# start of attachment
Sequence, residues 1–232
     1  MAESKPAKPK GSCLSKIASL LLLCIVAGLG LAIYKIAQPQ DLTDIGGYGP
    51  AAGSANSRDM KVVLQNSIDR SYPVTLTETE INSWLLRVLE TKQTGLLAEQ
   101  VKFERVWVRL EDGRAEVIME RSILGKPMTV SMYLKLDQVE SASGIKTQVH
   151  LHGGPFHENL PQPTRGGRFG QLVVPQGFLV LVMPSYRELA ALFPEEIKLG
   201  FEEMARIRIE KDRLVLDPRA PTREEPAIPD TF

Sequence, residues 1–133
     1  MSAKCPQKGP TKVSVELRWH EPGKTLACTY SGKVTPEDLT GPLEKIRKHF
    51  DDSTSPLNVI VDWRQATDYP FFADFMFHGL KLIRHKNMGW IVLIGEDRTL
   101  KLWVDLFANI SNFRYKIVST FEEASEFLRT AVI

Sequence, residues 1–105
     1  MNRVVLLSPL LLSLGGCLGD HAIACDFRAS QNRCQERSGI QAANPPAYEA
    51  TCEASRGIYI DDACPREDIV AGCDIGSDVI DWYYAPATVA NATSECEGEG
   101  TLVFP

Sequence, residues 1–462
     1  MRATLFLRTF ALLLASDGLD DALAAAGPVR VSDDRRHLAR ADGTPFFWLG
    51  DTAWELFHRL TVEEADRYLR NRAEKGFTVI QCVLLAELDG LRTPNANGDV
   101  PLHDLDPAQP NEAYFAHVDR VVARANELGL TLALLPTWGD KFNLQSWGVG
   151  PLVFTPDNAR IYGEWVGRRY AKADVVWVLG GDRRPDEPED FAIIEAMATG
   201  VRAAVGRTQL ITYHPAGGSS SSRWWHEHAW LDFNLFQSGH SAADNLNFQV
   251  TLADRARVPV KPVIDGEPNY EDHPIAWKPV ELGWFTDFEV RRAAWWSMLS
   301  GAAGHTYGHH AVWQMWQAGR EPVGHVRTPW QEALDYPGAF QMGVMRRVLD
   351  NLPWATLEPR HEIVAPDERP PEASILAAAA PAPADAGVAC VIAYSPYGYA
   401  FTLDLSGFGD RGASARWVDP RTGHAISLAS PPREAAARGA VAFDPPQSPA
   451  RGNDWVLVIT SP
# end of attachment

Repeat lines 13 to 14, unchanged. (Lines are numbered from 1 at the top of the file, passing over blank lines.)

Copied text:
    51  TCEASRGIYI DDACPREDIV AGCDIGSDVI DWYYAPATVA NATSECEGEG
   101  TLVFP